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T-Mobile, Sprint consider dropping Huawei, expect US security clearance for deal: Reuters

Key Points
  • T-Mobile US and Sprint expect their merger to be approved by a U.S. national security panel as early as next week, after their respective parent companies said they would consider curbing their use of equipment from China's Huawei Technologies, people familiar with the matter told Reuters.
  • U.S. government officials have been pressuring T-Mobile's German majority owner, Deutsche Telekom, to stop using Huawei equipment, the sources said.
  • The Committee on Foreign Investment in the United States (CFIUS) has been conducting a national security review of the Sprint deal, which was announced in April.
Michael Loccisano | Getty Images Entertainment | Getty Images

T-Mobile US and Sprint expect their merger to be approved by a U.S. national security panel as early as next week, after their respective parent companies said they would consider curbing their use of equipment from China's Huawei Technologies, people familiar with the matter told Reuters.

U.S. government officials have been pressuring T-Mobile's German majority owner, Deutsche Telekom, to stop using Huawei equipment, the sources said, over concerns that Huawei is effectively controlled by the Chinese state and its network equipment may contain "back doors" that could enable cyber espionage, something which Huawei denies.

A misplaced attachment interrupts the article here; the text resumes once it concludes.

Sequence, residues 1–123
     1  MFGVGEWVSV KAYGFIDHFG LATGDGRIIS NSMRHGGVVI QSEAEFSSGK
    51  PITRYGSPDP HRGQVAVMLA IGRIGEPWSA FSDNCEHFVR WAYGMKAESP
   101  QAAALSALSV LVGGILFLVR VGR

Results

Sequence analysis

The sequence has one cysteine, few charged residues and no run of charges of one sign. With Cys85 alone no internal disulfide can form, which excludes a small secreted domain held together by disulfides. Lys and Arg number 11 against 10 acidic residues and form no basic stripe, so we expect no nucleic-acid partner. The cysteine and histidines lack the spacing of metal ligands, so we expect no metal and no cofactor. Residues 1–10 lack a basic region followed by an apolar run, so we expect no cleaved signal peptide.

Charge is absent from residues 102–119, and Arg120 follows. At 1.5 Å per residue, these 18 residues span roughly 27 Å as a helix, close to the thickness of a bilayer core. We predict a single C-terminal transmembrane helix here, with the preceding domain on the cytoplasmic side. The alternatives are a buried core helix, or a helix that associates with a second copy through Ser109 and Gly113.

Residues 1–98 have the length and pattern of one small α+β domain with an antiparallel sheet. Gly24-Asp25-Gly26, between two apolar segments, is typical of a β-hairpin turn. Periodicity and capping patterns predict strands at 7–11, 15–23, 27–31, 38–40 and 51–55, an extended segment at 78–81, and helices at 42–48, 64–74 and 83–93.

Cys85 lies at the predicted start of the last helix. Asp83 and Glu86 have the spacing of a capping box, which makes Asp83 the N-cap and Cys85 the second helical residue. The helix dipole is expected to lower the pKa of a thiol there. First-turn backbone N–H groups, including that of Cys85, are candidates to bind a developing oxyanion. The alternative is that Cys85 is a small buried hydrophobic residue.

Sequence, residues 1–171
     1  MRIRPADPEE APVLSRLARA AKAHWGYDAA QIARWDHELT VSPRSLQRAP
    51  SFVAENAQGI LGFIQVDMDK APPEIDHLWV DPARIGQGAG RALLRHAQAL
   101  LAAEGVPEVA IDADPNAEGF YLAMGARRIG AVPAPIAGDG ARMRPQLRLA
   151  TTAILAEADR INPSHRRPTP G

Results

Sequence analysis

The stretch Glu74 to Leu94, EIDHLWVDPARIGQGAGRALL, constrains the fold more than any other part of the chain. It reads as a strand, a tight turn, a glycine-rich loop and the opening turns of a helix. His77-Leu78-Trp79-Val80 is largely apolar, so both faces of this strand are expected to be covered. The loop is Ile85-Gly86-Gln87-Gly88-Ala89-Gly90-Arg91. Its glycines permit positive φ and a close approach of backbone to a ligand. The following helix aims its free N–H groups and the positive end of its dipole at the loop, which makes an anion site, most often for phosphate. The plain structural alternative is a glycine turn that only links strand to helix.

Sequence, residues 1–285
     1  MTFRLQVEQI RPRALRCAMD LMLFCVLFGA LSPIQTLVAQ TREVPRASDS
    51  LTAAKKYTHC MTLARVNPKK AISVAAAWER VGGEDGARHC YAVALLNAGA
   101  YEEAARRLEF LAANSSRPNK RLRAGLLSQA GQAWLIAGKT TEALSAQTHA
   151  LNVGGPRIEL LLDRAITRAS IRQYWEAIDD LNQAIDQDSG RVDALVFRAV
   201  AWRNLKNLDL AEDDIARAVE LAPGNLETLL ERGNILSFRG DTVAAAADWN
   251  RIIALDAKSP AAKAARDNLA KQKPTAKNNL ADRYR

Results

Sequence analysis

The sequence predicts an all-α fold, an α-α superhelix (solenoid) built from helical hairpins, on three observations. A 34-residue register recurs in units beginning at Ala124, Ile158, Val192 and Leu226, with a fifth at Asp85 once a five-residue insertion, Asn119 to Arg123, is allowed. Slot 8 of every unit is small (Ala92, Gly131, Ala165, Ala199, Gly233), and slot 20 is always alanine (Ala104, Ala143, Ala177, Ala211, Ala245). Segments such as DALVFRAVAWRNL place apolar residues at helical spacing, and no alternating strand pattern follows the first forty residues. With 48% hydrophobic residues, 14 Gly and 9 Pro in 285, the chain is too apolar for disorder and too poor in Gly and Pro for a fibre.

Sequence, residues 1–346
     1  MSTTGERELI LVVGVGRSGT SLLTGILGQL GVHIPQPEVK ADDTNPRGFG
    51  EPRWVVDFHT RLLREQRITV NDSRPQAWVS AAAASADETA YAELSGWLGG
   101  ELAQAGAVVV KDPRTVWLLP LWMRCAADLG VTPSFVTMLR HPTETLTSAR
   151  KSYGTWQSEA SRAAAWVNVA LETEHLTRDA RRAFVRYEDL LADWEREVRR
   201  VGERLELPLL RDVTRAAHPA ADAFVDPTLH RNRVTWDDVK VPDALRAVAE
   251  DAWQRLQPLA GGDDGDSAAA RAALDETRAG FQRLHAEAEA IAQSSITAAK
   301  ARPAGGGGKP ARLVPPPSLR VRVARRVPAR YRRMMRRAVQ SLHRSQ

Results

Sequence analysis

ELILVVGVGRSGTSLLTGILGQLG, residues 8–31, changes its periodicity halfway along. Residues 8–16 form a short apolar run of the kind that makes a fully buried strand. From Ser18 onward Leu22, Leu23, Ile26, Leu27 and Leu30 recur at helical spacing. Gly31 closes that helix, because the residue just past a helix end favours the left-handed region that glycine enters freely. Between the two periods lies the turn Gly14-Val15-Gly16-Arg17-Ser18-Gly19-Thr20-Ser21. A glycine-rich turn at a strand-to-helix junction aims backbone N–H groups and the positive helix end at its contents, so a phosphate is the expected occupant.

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That pressure is part of the national security review of T-Mobile's $26 billion deal to buy U.S. rival Sprint, the sources said.

The Committee on Foreign Investment in the United States (CFIUS) has been conducting a national security review of the Sprint deal, which was announced in April. Negotiations between the two companies and the U.S. government have not been finalized and any deal could still fall through, the sources cautioned.

Sprint's parent, SoftBank Group, plans to replace 4G network equipment from Huawei with hardware from Nokia and Ericsson, Nikkei reported on Thursday, without citing sources.

Deutsche Telekom, Europe's largest telecoms company, on Friday said it was reviewing its vendor plans in Germany and other European markets where it operates, given the debate on the security of Chinese network gear.

Huawei has said the security concerns are unfounded. Tensions have been heightened by the arrest of Huawei's chief financial officer in Canada for possible extradition to the United States.